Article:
This tension between localism and globalization in terms of loss of cultural diversity can be addressed by the idea of awareness. The concept of sense of place explores how we feel, interact with and transform places, where individual and common memories inhabit. These interactions happen in everyday life and the stimuli behind can be ignored. By bringing awareness of the things that build the experience from places –especially in the case of smell which is directly connected to memory– is possible to create new bonds and identification with them. The loss of diversity is caused due to sameness, so sameness can be addressed by identity.
Well then, this is when our project begins.
We decided to explore and identity of different places around Helsinki in terms of smell, so first we started by asking the people who lives here about the locations and aromas they remember most.
We got different experiences like:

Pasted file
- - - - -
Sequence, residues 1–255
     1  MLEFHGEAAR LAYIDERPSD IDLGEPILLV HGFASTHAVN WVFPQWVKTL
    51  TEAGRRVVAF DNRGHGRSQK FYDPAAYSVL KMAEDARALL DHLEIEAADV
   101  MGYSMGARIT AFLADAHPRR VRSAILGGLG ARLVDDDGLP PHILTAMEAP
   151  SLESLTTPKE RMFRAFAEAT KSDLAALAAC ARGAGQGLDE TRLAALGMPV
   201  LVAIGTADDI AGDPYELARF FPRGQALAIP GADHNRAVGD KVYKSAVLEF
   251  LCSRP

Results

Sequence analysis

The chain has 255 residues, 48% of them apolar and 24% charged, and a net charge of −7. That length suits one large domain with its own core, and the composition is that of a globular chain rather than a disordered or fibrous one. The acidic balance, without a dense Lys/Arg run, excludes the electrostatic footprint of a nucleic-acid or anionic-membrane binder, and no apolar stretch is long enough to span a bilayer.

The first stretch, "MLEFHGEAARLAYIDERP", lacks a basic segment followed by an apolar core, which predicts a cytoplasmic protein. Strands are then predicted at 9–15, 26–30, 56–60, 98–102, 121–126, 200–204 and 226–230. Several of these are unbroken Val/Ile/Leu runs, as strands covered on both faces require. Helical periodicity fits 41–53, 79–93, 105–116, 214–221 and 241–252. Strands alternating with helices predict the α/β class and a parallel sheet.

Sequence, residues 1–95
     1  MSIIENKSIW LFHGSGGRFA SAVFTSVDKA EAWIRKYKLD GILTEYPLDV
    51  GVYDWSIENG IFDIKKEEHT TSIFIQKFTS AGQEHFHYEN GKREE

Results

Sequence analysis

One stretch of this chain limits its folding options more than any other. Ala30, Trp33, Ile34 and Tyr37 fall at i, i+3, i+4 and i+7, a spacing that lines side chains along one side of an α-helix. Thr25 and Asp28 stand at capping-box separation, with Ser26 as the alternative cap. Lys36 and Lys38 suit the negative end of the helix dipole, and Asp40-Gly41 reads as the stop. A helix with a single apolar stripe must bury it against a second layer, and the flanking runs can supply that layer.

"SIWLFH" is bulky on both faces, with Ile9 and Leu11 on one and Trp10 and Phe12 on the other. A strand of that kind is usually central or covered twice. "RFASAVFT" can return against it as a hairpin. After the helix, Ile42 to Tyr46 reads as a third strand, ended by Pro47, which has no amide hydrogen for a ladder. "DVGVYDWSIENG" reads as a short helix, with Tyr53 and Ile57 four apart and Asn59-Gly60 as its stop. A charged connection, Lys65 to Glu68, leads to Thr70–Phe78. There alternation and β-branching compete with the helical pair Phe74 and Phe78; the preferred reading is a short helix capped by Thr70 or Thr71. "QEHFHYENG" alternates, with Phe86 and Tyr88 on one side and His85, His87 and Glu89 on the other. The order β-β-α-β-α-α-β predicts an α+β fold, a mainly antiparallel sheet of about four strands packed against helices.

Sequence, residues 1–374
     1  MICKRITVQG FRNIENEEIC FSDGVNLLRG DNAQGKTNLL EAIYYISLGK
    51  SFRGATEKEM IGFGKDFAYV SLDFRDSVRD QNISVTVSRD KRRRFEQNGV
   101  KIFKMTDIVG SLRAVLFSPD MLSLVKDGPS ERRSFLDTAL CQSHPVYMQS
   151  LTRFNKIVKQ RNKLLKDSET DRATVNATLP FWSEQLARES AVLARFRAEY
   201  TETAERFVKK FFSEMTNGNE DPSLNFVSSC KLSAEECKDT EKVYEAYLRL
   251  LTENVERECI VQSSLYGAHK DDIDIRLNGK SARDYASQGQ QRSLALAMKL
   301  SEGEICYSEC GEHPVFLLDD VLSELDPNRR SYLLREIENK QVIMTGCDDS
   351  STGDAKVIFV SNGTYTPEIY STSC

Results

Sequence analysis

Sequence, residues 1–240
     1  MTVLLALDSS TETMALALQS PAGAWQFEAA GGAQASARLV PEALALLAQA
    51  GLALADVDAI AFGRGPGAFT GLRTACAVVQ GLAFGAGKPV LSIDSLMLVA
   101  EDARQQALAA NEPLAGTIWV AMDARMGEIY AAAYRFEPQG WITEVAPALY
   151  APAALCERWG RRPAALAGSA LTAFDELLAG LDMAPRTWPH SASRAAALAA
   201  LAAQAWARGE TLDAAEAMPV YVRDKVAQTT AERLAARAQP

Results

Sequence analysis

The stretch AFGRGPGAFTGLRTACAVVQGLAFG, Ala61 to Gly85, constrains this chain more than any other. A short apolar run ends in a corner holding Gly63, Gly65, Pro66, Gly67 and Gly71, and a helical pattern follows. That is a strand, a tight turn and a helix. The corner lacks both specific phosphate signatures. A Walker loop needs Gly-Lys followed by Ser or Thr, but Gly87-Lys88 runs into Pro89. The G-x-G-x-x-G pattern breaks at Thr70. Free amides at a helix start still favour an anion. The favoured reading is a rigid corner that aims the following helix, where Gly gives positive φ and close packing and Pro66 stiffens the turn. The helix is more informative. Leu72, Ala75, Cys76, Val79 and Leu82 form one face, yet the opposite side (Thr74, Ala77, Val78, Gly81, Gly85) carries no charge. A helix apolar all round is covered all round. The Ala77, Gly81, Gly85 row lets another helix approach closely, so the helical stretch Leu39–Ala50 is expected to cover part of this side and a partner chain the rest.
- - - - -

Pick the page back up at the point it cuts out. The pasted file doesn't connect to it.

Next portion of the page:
"Ever since I moved to Helsinki and Punavuori especially, I have paid attention to the colors of the buildings. The layered pastel soft tones and unusual color and texture combinations are something that has really captured my eye. I have also noticed the plant themed ‘door and window stones’ which are really beautiful. The air smells so fresh and water feels soft. These might sound like such a cliché but after years abroad you can really feel the difference. I love having filtered coffee machine again although it is old and makes terrible glucking noises when on and probably wakes up the whole house. Nothing beats the smell of a morning coffee thought! On my way to the metro in the mornings there’s been a homely smell of cinnamon rolls coming from the local R-kioski. Weirdly enough I kept hearing horns honking on the same street corner days in a row. Later examination revealed that the road is actually too narrow for two cars to pass by. I walk though Kamppi buss station to the metro and first I felt and then realized the metal indicators of the platforms on the floor. I wonder if these are placed and designed the function for disabled people in mind? The orange metro seats catch my attention - the bright color, the texture, shine and the form might indicate that they are terrible to sit but actually are very comfortable. Later on as the week went by I got ill and couldn’t really taste or smell anything. Every time that happens you really realize how much the sense of smell and taste are overlooked. Our everyday life is much about visuals and sounds that you don’t pay that much attention to the rest. Is the appreciation equal on all senses I wonder?"